I found my personal answer to be affirmative, and I still believe that an injustice is taking place despite the large incomes.  In my mind, the issue is not about the amount being made, but rather the large and increasing difference in salaries between men and women.  I challenge you to do some thinking, and share whether or not you believe this situation is an injustice.

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Treatment as a Function of Location

I came across this article in the New York times and thought it related to areas in our class discussion where we talked about geographic locations defining community and types of prevention.

Mexico’s Universal Health Care

Upon first reading the article I thought it would be just another article about a comparative health system, and the struggles of attaining effective universal healthcare.  Initially, the article does discuss many of the ins and outs of the new health care system in Mexico, and even gives many examples of the successes that the new health care has brought about.  While many of the people told stories of quality care at no cost to the individual, there were some who are still not seeing the health care system as ideal.

One of the problems that the article brought up was something we have mentioned many times in class, that the poorer states are lacking in health care quality.  One of the points we have brought up in class is the idea that communities are sometimes defined by socioeconomic status and usually these are the groups that see more injustices in health care.

It seems that even in Mexico’s universal system these divisions between quality of care based on socioeconomic status are still present.  Another divider and definition of communities in the Mexican health Care system was the idea that, “Mexicans are treated very much a function of where they live.”  In class part of the discussion was the association of communities based on geographic location.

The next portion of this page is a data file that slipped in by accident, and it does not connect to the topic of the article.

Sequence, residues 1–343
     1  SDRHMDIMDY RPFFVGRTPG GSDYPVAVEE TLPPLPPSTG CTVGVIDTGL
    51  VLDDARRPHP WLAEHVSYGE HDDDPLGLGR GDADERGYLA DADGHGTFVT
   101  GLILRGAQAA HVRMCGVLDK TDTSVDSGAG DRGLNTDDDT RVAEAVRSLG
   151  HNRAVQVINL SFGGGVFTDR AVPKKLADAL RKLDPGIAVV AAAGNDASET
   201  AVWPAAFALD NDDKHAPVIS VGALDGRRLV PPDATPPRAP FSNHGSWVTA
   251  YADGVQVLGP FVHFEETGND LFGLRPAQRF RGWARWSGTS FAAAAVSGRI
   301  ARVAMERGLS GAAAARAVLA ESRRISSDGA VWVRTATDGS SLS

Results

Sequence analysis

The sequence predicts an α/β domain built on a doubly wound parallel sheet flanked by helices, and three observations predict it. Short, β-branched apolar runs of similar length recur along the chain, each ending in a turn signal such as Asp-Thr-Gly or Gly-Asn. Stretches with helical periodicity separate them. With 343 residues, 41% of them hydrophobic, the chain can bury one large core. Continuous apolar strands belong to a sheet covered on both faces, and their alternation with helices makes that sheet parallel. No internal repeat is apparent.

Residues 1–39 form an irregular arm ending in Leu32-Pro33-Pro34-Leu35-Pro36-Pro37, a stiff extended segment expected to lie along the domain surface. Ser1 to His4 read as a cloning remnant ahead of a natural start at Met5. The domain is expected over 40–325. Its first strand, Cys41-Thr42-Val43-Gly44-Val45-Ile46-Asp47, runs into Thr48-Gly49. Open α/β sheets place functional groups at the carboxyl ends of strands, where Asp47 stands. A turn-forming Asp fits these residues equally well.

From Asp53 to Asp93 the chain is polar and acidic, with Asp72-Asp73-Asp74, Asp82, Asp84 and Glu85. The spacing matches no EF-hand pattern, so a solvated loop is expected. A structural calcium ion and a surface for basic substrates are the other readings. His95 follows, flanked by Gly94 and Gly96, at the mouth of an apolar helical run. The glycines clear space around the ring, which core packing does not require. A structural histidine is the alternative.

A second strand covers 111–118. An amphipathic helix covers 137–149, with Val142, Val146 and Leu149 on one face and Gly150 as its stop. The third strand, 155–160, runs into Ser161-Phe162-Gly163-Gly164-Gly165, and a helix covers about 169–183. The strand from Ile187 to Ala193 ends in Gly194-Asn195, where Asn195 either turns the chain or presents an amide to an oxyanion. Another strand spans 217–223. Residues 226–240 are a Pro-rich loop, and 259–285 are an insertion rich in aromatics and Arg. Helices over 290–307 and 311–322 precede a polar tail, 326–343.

Luckily, in this new health care system the Mexican people are not confined to their geographic locations and are allowed access to the other health centers and better care.  This is one way the article mentioned that they are striving to offer better care to the impoverished.  Of course, barriers to this lie in the ability of those in poverty to actually travel and stay in another state that may offer better care.

Near the end, the article also mentioned that the system is trying to adopt centers that focus on prevention and the rights of patients, which relates to the shifting of care to a primary prevention that we talked about in class when showing the model of the levels of care.

Our first reading, prevention is primary, also talked about the need for prevention in public health.  Currently, the article mentioned more about the Mexican health care system offering tests to citizens to detect different diseases, such as HIV, which accounts for a level of secondary prevention.  The mobile centers mentioned at the end of the article show the shifting toward primary prevention, and the recognition for the need of primary prevention.  However, they did mention while this is acknowledged as the plan, it is never known exactly who these plans will turn into a reality.

I believe that from the facts presented, the overall improvement of health care for the majority of the Mexican people has been successful.  I also believe that it is important that the government has realized they still have many improvements to their new system, and are working towards solutions.  Even though the care for the impoverished is still marginalized it is seeing overall improvement, which I think can continue to grow into a great system.